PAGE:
Popular on Variety

Busan Film Review: 'Pascha'

Reviewed at Kofic screening room, Seoul, Aug. 12, 2013. (In Busan Film Festival — New Currents, competing.) Running time: 95 MIN. Original title: "Pa su ka"

Production:

(South Korea) A Curious Cat Films production. Produced by Sung Ho-jun.

Crew:

Directed, written by Ahn Seon-kyoung. Camera (color, widescreen, HD), Yu Ji-sun; music, Lee Min-wee; production designer, Kim He-min; sound (Dolby Digital).

With:

Kim So-hee, Sung Ho-jun, Shin Yeon-sook. (Korean dialogue)

More Film

  • Beyonce Knowles'The Lion King' film premiere,

    ABC Announces Behind-the-Scenes Special for Beyoncé's 'Lion King' LP

    ABC has announced a new behind-the-scenes look into the making of Beyoncé’s “The Lion King: The Gift” LP, which is set to air September 16 on ABC at 10 p.m. EST. Titled “Beyoncé Presents: Making the Gift,” the new hour-long special will allow viewers to “experience the process” behind the “Lion King” companion album, according [...]

  • Jason Lei Howden, Samara Weaving and

    Daniel Radcliffe On Acting With Weapons Nailed To Your Hands

    How did “Guns Akimbo” director and writer Jason Lei Howden convince Daniel Radcliffe to play a character with guns nailed to his hands? Easy, he sent him the script. Radcliffe joined Howden and “Ready or Not’s” breakout star Samara Weaving in the Variety’s Toronto Film Festival studio, presented by AT&T to talk the limits of [...]

  • Box Office: It Chapter Two Maintains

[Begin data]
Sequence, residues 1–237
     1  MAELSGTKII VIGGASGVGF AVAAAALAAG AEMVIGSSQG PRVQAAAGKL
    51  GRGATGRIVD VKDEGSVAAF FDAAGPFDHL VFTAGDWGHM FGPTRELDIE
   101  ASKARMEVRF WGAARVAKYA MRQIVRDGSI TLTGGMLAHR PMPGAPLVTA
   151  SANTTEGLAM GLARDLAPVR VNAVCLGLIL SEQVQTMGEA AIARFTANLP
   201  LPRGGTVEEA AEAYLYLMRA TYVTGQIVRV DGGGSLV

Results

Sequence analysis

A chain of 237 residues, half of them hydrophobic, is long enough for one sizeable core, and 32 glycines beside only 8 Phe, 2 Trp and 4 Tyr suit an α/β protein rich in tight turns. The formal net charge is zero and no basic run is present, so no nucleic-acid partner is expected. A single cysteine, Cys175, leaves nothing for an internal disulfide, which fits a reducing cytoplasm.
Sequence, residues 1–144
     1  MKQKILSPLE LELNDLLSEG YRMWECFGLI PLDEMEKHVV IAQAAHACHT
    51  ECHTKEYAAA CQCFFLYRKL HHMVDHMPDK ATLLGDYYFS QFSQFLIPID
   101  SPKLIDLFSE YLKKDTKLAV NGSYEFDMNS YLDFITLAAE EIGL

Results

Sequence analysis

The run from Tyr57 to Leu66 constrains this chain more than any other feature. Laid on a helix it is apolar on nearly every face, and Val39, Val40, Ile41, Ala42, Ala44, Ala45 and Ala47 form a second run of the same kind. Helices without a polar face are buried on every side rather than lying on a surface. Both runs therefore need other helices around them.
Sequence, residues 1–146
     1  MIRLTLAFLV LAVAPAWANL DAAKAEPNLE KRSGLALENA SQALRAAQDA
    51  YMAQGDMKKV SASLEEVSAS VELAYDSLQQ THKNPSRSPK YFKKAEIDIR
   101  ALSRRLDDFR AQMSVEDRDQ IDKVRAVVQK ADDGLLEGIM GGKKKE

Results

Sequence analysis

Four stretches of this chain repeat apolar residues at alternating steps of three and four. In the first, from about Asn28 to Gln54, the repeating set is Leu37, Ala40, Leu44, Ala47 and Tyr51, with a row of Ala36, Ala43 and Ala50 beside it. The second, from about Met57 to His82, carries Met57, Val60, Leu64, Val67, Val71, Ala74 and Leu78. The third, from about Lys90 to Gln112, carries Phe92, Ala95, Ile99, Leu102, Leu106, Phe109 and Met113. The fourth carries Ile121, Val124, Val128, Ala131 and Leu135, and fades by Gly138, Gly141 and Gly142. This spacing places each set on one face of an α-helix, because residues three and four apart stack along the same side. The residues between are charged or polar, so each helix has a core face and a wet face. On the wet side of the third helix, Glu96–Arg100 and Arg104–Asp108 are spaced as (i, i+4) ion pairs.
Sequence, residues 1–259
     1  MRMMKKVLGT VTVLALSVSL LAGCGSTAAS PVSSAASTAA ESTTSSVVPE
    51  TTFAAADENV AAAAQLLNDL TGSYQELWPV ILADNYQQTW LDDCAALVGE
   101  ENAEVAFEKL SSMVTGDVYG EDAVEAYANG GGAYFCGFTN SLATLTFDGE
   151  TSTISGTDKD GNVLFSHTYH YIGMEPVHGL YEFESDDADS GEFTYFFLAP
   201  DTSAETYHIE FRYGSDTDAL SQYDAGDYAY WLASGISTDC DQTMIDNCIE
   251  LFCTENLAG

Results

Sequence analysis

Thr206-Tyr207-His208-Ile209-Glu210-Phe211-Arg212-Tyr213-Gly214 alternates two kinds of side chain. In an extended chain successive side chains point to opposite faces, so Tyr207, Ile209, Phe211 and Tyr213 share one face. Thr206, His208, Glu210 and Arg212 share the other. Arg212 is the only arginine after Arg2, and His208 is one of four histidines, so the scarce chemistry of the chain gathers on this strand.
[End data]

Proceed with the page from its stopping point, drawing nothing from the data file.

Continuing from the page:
Box Office: 'It: Chapter Two' Continues International Reign With $47 Million

    Pennywise’s reign of terror hasn’t wavered: Warner Bros.’ “It Chapter Two” maintained first place on box office charts, led by another strong showing overseas. The sequel, based on Stephen King’s horror novel, generated another $47 million at the international box office for a foreign tally of $169 million. After two weeks of release, “It Chapter [...]

  • First still from the set of

    Taika Waititi’s 'Jojo Rabbit' Wins Top Prize at Toronto Film Festival Awards

    Taika Waititi’s “Jojo Rabbit” has won the coveted People’s Choice Award at this year’s Toronto International Film Festival. The honor positions the film for a potential Oscar run and bolsters its awards chances. That’s good news for Fox Searchlight, which must have been disappointed by the lackluster critical reception for the movie, a dark comedy [...]

  • Constance Wu and Jennifer Lopez star

    Box Office: 'Hustlers' Racks Up Solid $33 Million Debut, 'Goldfinch' Bombs

    “Hustlers” rolled in the Benjamins this weekend, collecting $33.2 million when it debuted in 3,250 North American theaters. Boosted by rave reviews and stellar word of mouth, “Hustlers” beat expectations and now ranks as the best start for an STX film, along with the biggest live-action opening weekend for stars Jennifer Lopez and Constance Wu. [...]

  • German Cinema Is Diverse, But Is

    German Cinema Is Varied, But Is It Too Risk Averse?

    One of the strengths of German cinema is its diversity, says Simone Baumann, managing director of the national film promotion agency German Films. As well as the three films at Toronto directed by female German helmers, there was also German filmmaker Thomas Heise’s documentary film essay “Heimat Is a Space in Time.” Then there were [...]

More From Our Brands

Access exclusive content